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Thursday, November 10, 2011

What about the “F” words?

We’re talking flounder and founder, flaunt and flout. Do you know their meanings?

As a noun, a flounder is a fish; as a verb, flounder means moving in a clumsy or confused way (much like that fish out of water). Flounder is often used as an alternative to founder, which is a verb meaning “to cave in, sink, collapse, stumble even”. Now compare them. If you’re floundering (confused) in your marriage, seek help from a counselor (there is hope); if you’re foundering (sinking) find a lawyer.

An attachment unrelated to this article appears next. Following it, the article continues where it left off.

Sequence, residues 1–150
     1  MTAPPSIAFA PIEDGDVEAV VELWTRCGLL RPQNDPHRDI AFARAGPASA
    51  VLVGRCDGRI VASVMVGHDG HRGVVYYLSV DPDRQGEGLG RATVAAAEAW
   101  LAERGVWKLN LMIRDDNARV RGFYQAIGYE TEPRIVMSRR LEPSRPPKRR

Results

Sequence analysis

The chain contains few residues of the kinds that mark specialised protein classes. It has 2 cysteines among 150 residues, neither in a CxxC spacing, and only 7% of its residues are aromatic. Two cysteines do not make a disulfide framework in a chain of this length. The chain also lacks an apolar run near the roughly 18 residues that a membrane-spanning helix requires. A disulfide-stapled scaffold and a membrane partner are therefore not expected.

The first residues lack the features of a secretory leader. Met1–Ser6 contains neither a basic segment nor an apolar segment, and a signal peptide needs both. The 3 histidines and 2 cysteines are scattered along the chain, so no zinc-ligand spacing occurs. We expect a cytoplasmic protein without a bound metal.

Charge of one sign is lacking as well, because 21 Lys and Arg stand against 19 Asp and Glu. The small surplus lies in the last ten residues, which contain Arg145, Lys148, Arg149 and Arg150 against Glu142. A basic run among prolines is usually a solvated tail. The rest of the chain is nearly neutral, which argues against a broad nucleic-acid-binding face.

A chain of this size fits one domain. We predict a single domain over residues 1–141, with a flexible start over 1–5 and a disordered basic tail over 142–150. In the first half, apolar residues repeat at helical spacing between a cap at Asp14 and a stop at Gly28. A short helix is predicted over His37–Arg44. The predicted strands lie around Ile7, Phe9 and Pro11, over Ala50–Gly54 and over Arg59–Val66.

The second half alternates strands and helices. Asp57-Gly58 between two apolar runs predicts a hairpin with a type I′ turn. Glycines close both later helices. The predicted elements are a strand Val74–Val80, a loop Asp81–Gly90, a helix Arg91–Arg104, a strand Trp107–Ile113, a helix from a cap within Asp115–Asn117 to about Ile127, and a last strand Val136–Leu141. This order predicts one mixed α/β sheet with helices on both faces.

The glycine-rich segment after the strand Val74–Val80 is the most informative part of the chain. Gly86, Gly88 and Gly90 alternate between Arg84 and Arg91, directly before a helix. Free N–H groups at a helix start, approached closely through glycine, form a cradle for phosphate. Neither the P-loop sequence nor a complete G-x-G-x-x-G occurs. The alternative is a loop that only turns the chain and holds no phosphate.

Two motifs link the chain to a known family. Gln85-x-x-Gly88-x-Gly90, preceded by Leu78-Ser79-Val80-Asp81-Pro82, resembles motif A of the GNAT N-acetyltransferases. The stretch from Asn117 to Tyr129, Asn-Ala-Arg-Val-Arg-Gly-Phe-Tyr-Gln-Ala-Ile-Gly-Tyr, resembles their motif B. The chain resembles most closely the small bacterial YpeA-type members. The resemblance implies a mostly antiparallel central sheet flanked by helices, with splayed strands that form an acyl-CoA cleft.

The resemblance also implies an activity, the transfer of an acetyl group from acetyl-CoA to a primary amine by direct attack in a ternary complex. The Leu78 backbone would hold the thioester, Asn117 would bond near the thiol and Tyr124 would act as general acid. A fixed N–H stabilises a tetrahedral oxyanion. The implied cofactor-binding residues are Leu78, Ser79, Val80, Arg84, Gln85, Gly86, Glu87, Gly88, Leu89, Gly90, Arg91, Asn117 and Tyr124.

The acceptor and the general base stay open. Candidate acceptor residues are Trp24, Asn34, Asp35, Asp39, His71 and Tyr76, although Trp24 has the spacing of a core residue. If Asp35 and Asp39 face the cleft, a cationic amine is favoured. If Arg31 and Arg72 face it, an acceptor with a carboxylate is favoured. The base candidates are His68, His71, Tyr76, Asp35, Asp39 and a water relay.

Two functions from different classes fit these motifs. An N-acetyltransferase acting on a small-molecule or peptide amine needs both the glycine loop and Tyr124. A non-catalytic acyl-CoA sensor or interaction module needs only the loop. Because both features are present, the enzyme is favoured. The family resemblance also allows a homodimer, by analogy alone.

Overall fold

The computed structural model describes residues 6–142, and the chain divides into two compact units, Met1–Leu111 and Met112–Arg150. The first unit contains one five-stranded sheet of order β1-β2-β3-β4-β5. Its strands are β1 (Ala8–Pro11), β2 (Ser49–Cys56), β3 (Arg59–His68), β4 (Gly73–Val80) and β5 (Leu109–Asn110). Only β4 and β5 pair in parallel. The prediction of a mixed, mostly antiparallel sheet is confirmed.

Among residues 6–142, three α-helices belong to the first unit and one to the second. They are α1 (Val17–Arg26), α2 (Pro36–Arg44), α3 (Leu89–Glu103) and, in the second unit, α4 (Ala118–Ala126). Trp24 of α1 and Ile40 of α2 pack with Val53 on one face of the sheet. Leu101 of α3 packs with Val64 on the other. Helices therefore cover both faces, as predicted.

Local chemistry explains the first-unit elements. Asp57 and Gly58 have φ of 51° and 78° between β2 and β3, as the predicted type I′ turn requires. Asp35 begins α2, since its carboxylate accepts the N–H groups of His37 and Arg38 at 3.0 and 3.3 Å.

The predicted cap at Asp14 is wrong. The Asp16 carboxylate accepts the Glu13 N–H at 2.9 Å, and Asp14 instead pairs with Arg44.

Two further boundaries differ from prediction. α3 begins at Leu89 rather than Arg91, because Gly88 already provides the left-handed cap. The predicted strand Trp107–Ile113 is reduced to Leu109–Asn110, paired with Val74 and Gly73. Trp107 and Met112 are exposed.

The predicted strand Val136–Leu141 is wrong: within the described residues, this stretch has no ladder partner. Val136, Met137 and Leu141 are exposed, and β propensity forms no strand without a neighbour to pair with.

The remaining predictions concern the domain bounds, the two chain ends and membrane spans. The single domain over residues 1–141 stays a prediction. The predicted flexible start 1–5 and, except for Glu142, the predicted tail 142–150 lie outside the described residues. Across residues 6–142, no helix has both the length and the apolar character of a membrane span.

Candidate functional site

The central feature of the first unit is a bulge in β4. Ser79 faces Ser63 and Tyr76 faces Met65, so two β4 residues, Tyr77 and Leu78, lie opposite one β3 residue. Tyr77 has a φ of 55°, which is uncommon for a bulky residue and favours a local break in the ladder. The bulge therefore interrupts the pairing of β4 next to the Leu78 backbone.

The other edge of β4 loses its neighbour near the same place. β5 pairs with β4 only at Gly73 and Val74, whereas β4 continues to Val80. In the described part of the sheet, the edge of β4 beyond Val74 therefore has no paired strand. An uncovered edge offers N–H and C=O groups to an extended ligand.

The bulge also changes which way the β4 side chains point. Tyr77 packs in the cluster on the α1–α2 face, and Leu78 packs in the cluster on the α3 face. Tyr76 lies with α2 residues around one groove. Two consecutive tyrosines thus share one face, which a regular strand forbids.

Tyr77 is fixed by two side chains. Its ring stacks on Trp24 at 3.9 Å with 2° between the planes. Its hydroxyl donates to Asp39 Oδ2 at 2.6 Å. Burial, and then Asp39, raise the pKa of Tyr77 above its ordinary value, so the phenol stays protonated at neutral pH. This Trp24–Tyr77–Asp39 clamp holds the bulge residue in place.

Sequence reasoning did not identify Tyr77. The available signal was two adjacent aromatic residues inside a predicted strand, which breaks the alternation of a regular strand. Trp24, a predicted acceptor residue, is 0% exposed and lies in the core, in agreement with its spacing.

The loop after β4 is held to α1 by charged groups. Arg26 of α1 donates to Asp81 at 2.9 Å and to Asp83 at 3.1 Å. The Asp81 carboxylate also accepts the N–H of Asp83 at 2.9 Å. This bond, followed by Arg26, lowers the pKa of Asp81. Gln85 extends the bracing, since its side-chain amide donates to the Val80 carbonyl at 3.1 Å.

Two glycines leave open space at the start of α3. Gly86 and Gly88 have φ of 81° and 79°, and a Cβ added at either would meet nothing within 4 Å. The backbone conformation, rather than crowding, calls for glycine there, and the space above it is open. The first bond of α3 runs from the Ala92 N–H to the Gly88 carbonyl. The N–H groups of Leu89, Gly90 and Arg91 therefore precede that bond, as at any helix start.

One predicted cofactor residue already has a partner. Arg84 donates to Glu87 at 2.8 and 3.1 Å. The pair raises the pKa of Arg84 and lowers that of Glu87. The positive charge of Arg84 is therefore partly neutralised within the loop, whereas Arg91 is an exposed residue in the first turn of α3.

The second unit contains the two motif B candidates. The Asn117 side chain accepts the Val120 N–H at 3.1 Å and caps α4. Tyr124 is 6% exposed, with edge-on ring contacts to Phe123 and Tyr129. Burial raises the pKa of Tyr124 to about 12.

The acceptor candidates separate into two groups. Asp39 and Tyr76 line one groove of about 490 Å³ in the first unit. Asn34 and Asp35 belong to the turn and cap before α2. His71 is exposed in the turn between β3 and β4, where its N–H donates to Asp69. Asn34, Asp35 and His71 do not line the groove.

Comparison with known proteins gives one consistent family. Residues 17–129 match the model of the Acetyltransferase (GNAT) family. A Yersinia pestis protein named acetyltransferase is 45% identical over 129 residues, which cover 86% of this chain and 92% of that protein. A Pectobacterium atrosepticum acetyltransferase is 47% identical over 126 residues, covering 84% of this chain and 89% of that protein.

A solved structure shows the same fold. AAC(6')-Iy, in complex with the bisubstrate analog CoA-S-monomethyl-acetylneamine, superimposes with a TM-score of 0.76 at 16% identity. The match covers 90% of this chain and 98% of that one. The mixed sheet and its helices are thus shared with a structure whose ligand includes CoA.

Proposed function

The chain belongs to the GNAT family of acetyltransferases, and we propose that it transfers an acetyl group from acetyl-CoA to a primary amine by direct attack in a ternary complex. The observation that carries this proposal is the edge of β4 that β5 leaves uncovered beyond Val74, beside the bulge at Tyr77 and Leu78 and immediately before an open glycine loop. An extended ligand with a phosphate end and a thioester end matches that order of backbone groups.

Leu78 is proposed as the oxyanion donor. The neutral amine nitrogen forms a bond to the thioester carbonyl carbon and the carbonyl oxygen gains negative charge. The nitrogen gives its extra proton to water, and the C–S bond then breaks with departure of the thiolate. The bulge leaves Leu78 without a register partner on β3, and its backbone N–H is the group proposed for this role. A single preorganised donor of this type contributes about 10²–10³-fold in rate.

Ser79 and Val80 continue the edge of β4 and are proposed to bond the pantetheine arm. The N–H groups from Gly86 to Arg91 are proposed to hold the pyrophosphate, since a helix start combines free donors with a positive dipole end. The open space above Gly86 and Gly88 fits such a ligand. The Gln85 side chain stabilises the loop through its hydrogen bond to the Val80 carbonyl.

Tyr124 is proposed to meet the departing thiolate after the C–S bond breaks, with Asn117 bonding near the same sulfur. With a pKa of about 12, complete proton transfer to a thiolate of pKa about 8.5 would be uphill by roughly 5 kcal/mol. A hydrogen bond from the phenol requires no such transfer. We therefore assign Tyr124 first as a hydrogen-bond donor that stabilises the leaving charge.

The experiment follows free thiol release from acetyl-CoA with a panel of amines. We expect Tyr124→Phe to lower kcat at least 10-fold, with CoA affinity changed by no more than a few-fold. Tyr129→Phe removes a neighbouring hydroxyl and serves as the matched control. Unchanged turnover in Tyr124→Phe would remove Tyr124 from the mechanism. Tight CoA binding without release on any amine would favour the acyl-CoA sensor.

As for the verbs flaunt and flout, you have a choice, of sorts. Flaunt means “to show off” or (more linguistically) “to exhibit ostentatiously”. (The brainiac flaunted her brains.) You don't even have to add the adverb “shamelessly”; that is implied. Flout is what we anarchists do: “show contempt”. (The Grammar Anarchist flouts those British “rules”!) Because both words display chutzbuh, flaunt is often used to imply contempt.

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